S4 buys agency Tomorrow to expand MediaMonks’ business in China

Dive Brief:

  • S4 Capital, Martin Sorrell’s holding company, acquired Shanghai-based creative agency Tomorrow and plans to merge the shop with its MediaMonks digital production group, according to news shared via email with Marketing Dive. Financial terms of the deal weren’t disclosed. 

  • The move aims to expand MediaMonks’ operations in China, the world’s second-biggest advertising market after the U.S. Tomorrow brings 50 employees into the S4 fold, along with blue-chip clientele including Burberry, Budweiser, Beyond Meat, Coca-Cola, Starbucks, Crocs and Red Bull. 

  • The acquisition is the third so far this year for S4, a potential sign that mergers and acquisitions in the marketing world may be ramping up again after stalling during the early days of the coronavirus pandemic.

Dive Insight:

S4’s acquisition of Tomorrow is another sign that the holding company started by Martin Sorrell, the founder and former CEO of advertising giant WPP, isn’t wasting any time in putting money to work in the new year.

S4 last week bought creative agency Decoded Advertising to expand MediaMonks in the U.S., along with acquiring performance marketing agency Metric Theory to fold into its programmatic company MightyHive, Adweek reported. In addition to expanding through acquisitions, S4 has a broader goal of doubling revenue organically by 2023, according to its most recent earnings report

Rogier Bikker founded Tomorrow in 2015 to focus on integrated brand and social media campaigns in China, whose online advertising market grew 17% to $107 billion last year, per an estimate by Credit Suisse. The investment bank forecast 18% growth for the region for 2021.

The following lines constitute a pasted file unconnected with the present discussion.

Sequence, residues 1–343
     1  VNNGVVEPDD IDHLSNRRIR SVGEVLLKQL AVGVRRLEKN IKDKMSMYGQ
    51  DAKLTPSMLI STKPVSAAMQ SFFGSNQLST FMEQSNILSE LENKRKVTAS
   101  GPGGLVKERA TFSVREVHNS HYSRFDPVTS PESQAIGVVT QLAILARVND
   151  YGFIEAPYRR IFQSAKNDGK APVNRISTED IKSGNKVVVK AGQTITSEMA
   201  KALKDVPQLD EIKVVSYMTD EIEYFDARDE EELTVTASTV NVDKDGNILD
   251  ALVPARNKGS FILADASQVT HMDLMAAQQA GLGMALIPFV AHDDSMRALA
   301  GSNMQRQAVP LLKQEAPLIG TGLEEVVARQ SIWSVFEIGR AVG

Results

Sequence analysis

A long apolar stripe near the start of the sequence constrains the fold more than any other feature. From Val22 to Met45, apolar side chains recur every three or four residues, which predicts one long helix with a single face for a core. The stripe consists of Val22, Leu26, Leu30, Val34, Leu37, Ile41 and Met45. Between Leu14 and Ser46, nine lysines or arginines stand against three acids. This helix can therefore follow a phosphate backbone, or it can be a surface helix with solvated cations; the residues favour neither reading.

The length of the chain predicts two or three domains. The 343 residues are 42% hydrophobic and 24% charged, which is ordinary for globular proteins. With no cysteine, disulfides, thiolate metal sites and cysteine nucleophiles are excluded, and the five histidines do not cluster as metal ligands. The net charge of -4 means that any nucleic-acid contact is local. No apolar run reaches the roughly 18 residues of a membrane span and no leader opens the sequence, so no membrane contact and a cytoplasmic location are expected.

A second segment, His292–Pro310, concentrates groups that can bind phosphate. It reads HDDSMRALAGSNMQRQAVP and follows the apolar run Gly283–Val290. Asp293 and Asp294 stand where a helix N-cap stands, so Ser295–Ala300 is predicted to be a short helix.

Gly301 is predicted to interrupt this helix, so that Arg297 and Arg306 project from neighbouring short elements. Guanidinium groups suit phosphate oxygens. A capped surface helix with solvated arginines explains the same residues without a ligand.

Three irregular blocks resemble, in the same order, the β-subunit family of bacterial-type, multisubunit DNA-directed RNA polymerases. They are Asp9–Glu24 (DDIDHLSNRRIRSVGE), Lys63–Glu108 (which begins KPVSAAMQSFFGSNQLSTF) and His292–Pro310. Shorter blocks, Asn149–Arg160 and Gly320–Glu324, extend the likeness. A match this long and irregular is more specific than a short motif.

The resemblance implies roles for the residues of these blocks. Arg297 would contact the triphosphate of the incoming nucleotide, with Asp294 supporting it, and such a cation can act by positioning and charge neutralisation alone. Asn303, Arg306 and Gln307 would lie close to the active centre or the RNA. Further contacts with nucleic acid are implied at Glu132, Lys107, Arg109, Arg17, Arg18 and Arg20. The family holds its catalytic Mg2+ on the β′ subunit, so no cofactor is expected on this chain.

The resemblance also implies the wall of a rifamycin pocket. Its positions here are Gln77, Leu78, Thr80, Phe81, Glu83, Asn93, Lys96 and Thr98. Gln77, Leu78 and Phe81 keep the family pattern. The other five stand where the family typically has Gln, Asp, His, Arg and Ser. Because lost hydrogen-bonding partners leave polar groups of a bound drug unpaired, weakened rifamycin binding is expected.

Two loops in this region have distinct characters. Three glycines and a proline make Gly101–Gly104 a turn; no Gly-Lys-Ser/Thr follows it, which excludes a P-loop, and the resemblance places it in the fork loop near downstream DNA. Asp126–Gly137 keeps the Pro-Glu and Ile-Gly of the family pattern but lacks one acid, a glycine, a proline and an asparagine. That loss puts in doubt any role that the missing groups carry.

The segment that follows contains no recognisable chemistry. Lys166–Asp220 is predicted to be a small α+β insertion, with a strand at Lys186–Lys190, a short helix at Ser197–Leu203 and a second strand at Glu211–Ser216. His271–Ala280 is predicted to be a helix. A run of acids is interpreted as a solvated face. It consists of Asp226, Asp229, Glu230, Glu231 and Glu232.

Bikker will serve as managing director for the combined Tomorrow and MediaMonks group, which will operate under the MediaMonks banner until S4 creates a unified brand, Campaign reported. MediaMonks’ business in China grew 45% last year, while Tomorrow saw double-growth, according to the report. 

S4 is generally acquisitive, following the growth playbook Sorrell enacted to turn WPP into an advertising empire. Still, S4’s amount of deal activity just two weeks into the year is noteworthy, and suggests M&A may broadly pick up again after the pandemic triggered a slowdown last year. The industry showed signs of consolidating well before the health crisis, which led agencies to focus more inward on cutting costs and reducing headcount rather than pondering acquisitions.

The pandemic has lasted longer than initially predicted last spring, when dealmakers were optimistic of a stronger recovery after mergers and acquisitions fell to a seven-year low in the first quarter of 2020. Dealmaking by other companies will help to confirm whether S4’s acquisitions indicate that M&A activity is generally on the upswing.

S4’s moves reinforce the group’s laser focus on digital and online marketing, which have remained some of the the most promising areas of growth during the pandemic. Consumers have expanded their consumption of digital media while stuck at home, and shopped online more frequently while avoiding stores.

Those trends are likely to have a lasting effect. U.S. digital media spending this year will grow 18% to $130 billion, making up 54% of the total $240 billion media market, WPP’s GroupM estimated. Total spending will rebound 12% this year on pent-up demand, before settling to a more typical growth rate of 4.8% in 2022, according to the forecast.

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